In my "former life," fasting was almost a non issue. Although it was talked about from time to time, and even lauded as a worthy pious practice, few, even amongst the pastorate, fasted with any seriousness.
During Lent, for many "fasting" was a "catholic thing." Or it was practiced in name by "giving up something for Lent." Prayer and spiritual discipline were not often attached with fasting. So, for the most part, fasting disappeared from any vocabulary.
However, our Lord and God, Jesus the Christ didn't regard fasting as a "pious option." Leaf through the Gospels and you find that fasting and prayer were staples of the Son of God! In fact, it seems to have been a daily discipline! Before every major event in His life among us, we see Him retiring for a period of fasting and prayer, including the notable forty day fasts.
He passed that discipline on to the Apostles, and they to the Bishops and priests and deacons set in every place: and they in turn passed it on to the people of God in every place. Although it wasn't cast is a legalistic form, it also was not placed as merely an option!
People were admonished to fasting and prayer, while at the same time being warned against such practices done merely to fill an obligation, or done merely for show.
Fasting and Prayer are laudable and necessary in our times, too! In this hectic and fast paces culture, we are constantly bombarded by conflicting images and messages. We are worn down by subliminal advertising to the point where we don't even blink at gross immorality and the evil that surround us. Our senses and thinking are dulled to the point where, although we don't condone this or that, we also no longer are surprised at its occurrence and we sort of shrug it off.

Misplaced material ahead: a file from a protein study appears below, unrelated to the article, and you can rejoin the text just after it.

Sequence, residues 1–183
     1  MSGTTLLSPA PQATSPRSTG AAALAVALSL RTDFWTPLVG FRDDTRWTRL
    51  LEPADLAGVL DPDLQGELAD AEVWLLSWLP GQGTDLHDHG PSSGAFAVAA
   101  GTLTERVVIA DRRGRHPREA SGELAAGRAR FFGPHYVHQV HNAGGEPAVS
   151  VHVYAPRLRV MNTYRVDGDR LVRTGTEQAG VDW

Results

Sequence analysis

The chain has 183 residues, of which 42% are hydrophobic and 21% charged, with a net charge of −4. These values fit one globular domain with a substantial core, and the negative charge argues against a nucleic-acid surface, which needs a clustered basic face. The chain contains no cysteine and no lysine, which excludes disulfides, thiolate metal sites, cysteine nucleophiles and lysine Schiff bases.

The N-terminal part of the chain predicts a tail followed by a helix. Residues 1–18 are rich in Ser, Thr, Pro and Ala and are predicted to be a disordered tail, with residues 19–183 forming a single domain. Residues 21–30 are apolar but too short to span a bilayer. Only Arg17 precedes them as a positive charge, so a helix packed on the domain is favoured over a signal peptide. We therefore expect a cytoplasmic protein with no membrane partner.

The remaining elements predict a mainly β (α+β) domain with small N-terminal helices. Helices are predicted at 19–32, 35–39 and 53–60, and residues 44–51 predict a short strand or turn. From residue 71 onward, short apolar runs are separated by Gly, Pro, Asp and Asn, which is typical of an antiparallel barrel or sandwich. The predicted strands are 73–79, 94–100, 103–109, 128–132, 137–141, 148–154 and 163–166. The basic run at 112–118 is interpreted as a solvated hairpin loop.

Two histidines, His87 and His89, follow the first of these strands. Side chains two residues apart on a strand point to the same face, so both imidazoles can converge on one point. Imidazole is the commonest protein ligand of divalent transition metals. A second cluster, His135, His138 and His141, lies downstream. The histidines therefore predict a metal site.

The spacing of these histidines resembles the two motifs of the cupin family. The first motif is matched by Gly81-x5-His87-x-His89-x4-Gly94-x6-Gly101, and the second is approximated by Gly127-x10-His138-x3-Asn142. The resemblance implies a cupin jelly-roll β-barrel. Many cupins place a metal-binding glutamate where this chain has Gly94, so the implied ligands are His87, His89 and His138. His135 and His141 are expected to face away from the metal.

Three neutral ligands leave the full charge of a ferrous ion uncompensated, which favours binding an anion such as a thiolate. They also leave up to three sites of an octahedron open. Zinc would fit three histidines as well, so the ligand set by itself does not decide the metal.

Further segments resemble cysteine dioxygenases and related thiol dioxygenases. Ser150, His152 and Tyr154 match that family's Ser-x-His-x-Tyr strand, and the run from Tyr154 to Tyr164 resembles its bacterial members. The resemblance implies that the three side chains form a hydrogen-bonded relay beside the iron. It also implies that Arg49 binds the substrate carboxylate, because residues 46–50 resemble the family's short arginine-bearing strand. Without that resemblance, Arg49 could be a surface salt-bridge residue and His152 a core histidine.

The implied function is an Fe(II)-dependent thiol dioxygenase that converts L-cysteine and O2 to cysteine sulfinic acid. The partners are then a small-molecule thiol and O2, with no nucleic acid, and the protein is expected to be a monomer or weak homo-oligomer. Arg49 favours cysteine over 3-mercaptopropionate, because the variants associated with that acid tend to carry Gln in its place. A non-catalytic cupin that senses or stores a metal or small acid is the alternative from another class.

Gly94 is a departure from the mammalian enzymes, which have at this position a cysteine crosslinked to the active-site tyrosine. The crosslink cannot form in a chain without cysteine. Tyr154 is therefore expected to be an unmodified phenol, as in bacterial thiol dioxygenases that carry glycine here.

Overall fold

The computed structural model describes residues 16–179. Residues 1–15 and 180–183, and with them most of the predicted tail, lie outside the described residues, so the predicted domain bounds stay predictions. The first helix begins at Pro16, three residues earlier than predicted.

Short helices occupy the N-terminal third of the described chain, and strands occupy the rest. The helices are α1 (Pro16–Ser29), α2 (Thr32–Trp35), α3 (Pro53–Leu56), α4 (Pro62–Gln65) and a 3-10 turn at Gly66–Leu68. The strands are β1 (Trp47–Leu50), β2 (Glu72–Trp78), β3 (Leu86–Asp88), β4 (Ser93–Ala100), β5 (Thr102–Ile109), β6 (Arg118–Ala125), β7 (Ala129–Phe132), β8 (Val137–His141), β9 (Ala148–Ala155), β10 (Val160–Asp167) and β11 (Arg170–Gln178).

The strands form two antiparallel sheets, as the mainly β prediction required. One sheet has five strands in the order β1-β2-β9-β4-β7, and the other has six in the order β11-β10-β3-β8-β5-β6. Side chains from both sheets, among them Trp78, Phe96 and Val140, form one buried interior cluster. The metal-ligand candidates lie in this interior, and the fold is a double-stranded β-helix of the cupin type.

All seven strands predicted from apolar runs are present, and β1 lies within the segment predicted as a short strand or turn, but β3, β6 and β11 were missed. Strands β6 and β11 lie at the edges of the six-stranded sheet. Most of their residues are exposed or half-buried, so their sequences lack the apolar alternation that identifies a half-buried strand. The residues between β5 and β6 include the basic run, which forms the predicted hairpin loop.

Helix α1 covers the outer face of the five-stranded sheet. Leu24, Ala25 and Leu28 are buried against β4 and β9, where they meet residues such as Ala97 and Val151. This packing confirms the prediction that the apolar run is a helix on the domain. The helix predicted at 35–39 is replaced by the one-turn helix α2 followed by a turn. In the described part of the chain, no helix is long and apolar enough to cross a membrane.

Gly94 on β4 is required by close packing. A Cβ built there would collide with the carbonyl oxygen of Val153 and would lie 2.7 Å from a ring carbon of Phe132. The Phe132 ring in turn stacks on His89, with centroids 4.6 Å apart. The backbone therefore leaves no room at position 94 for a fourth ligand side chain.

To retreat from feasting to fasting, and to retreat from the world for increased prayer are spiritual disciplines that allow us to once again see the Light of Christ. In the quiet of the icon corner, facing our Lord, our Lady, and surrounded by saints and holy ones of God, we are able to cleanse our souls through meditation, to once again get our bearings, to focus on the one thing needful.
To treat fasting as merely a pious option is to reject a gift from God. It is to turn away from Christ, to reject one more opportunity to be strengthened in our journey.
It isn't easy to limit one's food intake. And it is even more difficult to turn from "normal pursuits" to increased prayer. It isn't easy to forsake things routine to take advantage of the increased services of this time. It is a struggle.
As we journey through Great and Holy Lent to Pascha, we reflect on the profound meaning of that appelation found almost solely in Holy Orthodoxy, "Lover of Mankind." We recall the Lenten journey of our Lord and God, a voluntary journey to the Cross, in order that He might conquer death by death, call Adam and Eve and all mankind home again. We recall the solitary hours He spent, and the times in which everything conspired to get Him to abort His mission. We join Him in fasting and prayer ... and He joins us in our journey, giving us forgiveness, light, life, now and always and to the ages of ages!
Join in the fast! Seek the counsel of our good priest! Teach your children to fast and pray!
Receive the blessings of God, Father, Son, and Holy Spirit!